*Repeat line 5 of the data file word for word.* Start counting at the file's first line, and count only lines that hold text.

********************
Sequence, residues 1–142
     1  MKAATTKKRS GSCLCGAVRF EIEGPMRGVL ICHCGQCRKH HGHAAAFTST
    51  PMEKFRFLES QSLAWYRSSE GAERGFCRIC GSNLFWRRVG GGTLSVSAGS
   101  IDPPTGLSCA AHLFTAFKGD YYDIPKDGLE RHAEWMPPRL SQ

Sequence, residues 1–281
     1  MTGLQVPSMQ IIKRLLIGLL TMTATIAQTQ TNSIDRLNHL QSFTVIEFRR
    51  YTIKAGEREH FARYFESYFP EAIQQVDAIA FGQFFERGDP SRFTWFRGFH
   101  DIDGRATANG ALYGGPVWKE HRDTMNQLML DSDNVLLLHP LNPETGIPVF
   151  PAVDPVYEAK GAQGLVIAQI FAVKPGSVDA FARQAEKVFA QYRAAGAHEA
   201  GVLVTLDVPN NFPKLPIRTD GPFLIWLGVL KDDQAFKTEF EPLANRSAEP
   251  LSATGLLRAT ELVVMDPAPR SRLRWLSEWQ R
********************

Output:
Sequence, residues 1–281